We consider the phase retrieval problem in 3-D holotomography for strongly absorbing objects. Holotomography combines phase retrieval from Fresnel diffraction patterns with tomographic reconstruction to reconstruct the 3-D refractive index distribution. The main interest is the increase in sensitivity of up to three orders of magnitude compared to standard, absorption based tomography. Most existing algorithms are based upon linearization of the forward problem. This is motivated by the large problem size, since it yields computationally efficient solutions. Here, the mixed approach is used, which allows for both strong absorption and long propagation distances. Previous implementations have shown promising results, but in practice often suffer from strong low frequency artifacts. To address this problem, we introduce a homogeneous object assumption through a regularizing term based upon the absorption image. This allows the homogeneous object assumption to be introduced only in the low frequency range. The proportionality constant between absorption and refractive index is assumed to be known. The regularizing parameter is found using the standard L-curve technique. The benefits of our approach are illustrated using data measured at the European Synchrotron Radiation Facility. Low frequency noise in the reconstruction is alleviated, but the result is only quantitative in the areas of the sample where the homogeneous object assumption is fulfilled. © 2010 IEEE.
Bao L.,Harbin Institute of Technology |
Robini M.,CNRS Research Center for Image Acquisition and Processing for Health |
Liu W.,Harbin Institute of Technology |
Liu W.,CNRS Research Center for Image Acquisition and Processing for Health |
Zhu Y.,CNRS Research Center for Image Acquisition and Processing for Health
Medical Image Analysis | Year: 2013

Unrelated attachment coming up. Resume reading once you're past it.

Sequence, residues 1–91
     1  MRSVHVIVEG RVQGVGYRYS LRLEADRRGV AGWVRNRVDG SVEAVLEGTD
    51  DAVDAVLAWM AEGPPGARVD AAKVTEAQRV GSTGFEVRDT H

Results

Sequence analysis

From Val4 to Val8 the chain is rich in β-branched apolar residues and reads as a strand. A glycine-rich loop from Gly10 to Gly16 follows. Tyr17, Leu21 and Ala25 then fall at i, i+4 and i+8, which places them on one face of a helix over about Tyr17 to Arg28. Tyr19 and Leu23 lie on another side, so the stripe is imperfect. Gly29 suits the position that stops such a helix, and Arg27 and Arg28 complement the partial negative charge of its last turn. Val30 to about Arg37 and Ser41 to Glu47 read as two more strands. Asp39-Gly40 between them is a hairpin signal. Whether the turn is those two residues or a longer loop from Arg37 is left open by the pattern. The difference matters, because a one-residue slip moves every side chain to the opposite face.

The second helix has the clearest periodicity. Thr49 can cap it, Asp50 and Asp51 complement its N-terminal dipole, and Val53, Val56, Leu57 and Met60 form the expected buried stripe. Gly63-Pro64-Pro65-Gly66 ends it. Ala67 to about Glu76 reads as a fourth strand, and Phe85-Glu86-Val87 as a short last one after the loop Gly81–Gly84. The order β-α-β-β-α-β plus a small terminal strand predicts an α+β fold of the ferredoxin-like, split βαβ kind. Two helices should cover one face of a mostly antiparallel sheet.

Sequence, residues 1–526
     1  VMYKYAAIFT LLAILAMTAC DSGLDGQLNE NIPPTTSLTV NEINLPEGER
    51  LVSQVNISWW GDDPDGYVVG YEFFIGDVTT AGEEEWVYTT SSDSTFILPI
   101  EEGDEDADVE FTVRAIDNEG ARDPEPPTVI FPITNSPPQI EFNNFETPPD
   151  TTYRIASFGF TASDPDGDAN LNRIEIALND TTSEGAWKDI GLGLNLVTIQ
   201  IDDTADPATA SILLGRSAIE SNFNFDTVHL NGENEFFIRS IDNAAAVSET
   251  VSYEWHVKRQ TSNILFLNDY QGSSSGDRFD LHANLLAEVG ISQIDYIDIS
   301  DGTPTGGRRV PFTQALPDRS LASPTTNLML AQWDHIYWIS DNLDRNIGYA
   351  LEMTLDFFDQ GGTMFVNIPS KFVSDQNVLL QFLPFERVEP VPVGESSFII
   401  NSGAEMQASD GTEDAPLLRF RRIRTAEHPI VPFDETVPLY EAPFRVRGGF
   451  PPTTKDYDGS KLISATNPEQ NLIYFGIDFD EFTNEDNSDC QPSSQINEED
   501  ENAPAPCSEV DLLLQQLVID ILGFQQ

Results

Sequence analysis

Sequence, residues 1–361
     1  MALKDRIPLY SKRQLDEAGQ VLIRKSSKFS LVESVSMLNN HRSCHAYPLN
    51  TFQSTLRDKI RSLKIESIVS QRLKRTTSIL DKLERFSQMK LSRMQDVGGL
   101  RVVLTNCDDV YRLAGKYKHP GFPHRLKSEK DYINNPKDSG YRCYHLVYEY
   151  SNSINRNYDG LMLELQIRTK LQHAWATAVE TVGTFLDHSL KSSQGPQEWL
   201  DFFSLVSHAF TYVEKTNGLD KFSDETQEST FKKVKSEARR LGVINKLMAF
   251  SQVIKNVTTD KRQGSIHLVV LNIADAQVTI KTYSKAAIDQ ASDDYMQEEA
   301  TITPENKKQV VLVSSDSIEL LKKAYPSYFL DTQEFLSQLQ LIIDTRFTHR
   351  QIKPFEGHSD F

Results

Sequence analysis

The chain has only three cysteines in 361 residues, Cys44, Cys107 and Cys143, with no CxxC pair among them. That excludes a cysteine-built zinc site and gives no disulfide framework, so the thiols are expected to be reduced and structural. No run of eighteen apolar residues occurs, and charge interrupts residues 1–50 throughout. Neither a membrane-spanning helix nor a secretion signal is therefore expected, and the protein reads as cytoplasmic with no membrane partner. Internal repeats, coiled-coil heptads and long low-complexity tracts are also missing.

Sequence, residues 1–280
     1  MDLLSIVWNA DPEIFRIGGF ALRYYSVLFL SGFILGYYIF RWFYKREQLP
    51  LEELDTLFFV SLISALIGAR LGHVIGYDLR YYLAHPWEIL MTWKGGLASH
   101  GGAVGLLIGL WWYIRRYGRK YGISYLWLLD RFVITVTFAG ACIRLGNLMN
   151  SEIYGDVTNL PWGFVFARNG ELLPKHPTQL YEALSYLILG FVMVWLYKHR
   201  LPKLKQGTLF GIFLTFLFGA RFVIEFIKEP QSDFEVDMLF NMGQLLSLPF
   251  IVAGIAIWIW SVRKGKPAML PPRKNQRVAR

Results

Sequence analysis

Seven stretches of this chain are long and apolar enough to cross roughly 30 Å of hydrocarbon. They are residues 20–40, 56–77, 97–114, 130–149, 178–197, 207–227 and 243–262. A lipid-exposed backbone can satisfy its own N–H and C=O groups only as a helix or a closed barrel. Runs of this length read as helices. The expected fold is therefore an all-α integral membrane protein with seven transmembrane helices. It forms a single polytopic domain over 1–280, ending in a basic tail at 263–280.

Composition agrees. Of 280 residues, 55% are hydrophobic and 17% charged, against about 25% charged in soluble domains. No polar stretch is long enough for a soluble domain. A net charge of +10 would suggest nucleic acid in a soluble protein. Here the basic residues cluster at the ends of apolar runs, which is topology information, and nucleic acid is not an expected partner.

Diffusion tensor magnetic resonance imaging (DT-MRI) is becoming a prospective imaging technique in clinical applications because of its potential for in vivo and non-invasive characterization of tissue organization. However, the acquisition of diffusion-weighted images (DWIs) is often corrupted by noise and artifacts, and the intensity of diffusion-weighted signals is weaker than that of classical magnetic resonance signals. In this paper, we propose a new denoising method for DT-MRI, called structure-adaptive sparse denoising (SASD), which exploits self-similarity in DWIs. We define a similarity measure based on the local mean and on a modified structure-similarity index to find sets of similar patches that are arranged into three-dimensional arrays, and we propose a simple and efficient structure-adaptive window pursuit method to achieve sparse representation of these arrays. The noise component of the resulting structure-adaptive arrays is attenuated by Wiener shrinkage in a transform domain defined by two-dimensional principal component decomposition and Haar transformation. Experiments on both synthetic and real cardiac DT-MRI data show that the proposed SASD algorithm outperforms state-of-the-art methods for denoising images with structural redundancy. Moreover, SASD achieves a good trade-off between image contrast and image smoothness, and our experiments on synthetic data demonstrate that it produces more accurate tensor fields from which biologically relevant metrics can then be computed. © 2013 Elsevier B.V.